• Network hardening: Protecting digital infrastructure with hardware and software-based firewalls, featuring intruder prevention and alert controls.
  • Operating system hardening: Deleting obsolete services and erasing nonessential accounts, while ensuring security settings meet industry standards.
  • Remote systems hardening: Ensuring remote systems and devices have access protocols as robust as their in-house equivalents, and that these are frequently examined for emerging threats.
  • Database hardening: Employing access controls, encryption and advanced security settings to make critical databases less prone to malicious infiltration.
  • Application hardening: Adjusting the settings of third-party apps to guard against scripting attacks such as macros.

All these protocols need frequent vulnerability testing to ensure ongoing protection against digital risks.  The benefits are many: stronger security, better performing systems, even streamlined compliance and auditing.

Figures demonstrate the value of security prioritization.  One study shows more than half of organizations have suffered a data leak via external sources with remote access, while 61% of security breaches exploited a known vulnerability for which a patch was available but not deployed.[11]

What would a secure digital policy look like?  According to experts like Dick Schrader, an IT security specialist at US software firm, Netwrix, a secure digital regime would be one where:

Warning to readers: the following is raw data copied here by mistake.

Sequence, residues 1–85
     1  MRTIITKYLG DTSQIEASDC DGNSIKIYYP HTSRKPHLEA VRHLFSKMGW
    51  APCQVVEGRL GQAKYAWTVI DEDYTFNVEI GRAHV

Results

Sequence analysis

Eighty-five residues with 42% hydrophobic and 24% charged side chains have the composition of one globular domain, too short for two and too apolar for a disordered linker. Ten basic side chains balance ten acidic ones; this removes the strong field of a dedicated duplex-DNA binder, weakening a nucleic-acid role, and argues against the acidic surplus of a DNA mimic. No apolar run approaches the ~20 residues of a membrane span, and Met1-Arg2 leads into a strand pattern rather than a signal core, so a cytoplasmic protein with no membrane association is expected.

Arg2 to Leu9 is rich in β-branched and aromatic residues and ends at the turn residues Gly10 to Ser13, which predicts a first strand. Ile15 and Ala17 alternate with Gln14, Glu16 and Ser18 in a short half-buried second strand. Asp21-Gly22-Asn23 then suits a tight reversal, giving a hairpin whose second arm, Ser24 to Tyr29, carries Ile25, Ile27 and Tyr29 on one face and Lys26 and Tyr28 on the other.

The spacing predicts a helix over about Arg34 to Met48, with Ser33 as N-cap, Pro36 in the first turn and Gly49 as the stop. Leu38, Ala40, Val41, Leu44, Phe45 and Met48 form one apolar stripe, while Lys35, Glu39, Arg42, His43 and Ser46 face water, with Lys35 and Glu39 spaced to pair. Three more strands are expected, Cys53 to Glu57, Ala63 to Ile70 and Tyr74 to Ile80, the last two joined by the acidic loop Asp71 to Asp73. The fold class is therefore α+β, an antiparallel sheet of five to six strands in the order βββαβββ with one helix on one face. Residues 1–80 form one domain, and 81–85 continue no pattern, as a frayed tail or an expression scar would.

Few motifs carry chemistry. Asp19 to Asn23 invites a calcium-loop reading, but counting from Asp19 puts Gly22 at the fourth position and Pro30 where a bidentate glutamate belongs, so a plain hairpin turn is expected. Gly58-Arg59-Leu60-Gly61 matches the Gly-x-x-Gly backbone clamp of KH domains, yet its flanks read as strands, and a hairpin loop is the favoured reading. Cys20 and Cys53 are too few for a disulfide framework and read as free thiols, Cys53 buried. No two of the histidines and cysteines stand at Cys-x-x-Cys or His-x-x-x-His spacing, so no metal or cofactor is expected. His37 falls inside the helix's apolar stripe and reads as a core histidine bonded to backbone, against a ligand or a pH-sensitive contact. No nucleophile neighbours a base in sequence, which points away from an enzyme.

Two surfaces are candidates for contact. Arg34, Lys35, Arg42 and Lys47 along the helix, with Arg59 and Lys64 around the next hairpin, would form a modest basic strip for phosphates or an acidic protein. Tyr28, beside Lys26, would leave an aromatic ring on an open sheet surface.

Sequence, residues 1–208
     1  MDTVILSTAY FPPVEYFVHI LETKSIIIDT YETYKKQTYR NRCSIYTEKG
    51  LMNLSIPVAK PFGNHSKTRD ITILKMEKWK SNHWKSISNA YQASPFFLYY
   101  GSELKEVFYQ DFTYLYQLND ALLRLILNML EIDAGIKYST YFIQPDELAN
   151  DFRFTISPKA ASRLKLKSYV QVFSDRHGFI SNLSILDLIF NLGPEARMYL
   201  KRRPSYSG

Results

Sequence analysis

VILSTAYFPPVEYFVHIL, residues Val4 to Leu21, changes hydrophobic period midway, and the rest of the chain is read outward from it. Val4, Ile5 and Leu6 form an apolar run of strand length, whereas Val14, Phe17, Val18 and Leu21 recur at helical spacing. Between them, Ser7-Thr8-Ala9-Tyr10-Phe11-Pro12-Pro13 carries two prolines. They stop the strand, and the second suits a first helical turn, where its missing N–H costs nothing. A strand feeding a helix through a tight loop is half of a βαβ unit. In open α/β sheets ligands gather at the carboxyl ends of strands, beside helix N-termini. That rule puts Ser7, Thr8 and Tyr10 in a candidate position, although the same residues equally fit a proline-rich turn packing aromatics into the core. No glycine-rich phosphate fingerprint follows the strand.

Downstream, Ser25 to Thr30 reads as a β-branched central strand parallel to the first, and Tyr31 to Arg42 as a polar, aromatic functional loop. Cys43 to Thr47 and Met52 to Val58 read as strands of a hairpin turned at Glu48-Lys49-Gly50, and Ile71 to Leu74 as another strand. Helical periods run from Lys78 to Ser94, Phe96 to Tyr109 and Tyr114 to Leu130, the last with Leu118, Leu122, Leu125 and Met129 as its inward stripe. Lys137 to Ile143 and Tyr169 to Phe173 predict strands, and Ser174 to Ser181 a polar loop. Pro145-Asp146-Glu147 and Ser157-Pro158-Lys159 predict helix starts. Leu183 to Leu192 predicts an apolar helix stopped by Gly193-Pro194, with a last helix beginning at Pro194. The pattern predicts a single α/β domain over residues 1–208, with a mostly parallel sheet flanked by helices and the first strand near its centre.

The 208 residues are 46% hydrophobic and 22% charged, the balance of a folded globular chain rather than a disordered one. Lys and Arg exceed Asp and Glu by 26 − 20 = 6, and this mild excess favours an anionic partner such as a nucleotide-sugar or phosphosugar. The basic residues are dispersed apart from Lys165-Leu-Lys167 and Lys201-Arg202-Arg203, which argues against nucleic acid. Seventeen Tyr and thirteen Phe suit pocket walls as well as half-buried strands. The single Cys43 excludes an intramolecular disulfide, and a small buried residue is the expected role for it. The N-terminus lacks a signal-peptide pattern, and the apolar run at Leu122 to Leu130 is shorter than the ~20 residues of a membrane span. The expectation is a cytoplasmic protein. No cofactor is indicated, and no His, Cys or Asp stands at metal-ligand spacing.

• old, under-used technology is regularly removed from servers
  • platforms, networks and apps are individually shielded against unauthorized access
  • cloud computing is protected with multi-factor authentication (MFA) for every user regardless of time/productivity costs
  • data is protected throughout an entire ecosystem, focusing on classification, retention, processing and encryption
  • third-party technology integration, operations dependency and vendor resiliency are considered as part of a holistic digital transformation package
  • privacy is paramount and personal data adheres to principles of consent, notice, choice and accuracy
  • regulatory frameworks are respected, and breaches are evidenced forensically
  • resilience is ensured by adequate planning for business continuity, crisis management and IT disaster recovery.

A closeted, isolationist approach is unlikely to inspire the widespread changes needed.  Cooperation between companies and nations can reveal solutions applicable to almost every organization, with emerging tech such as blockchain and quantum computing providing particular promise.

Within the business community, leaders must be trained in issues surrounding cybersecurity, while debates on cyber-resilience must become routine at board level.

Above all, no digital transformation should be embarked upon without buy-in from the most important segment of any organization: its clients and customers.  If they are not ready for the transition, or if they are corralled into systems and services damaging to their experience, they are likely to find another option that meets their needs.